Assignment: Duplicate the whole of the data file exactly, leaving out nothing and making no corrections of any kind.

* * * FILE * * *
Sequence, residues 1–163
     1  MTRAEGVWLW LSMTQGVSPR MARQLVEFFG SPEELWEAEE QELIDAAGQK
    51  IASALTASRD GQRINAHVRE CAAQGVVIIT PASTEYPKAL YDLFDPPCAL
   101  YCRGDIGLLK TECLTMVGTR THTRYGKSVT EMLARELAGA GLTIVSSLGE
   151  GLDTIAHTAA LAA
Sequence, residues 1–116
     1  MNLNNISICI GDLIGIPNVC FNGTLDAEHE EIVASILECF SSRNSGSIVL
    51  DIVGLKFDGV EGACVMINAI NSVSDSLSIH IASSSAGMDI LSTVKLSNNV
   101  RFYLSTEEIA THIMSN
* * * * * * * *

Sequence, residues 1–163
     1  MTRAEGVWLW LSMTQGVSPR MARQLVEFFG SPEELWEAEE QELIDAAGQK
    51  IASALTASRD GQRINAHVRE CAAQGVVIIT PASTEYPKAL YDLFDPPCAL
   101  YCRGDIGLLK TECLTMVGTR THTRYGKSVT EMLARELAGA GLTIVSSLGE
   151  GLDTIAHTAA LAA
Sequence, residues 1–116
     1  MNLNNISICI GDLIGIPNVC FNGTLDAEHE EIVASILECF SSRNSGSIVL
    51  DIVGLKFDGV EGACVMINAI NSVSDSLSIH IASSSAGMDI LSTVKLSNNV
   101  RFYLSTEEIA THIMSN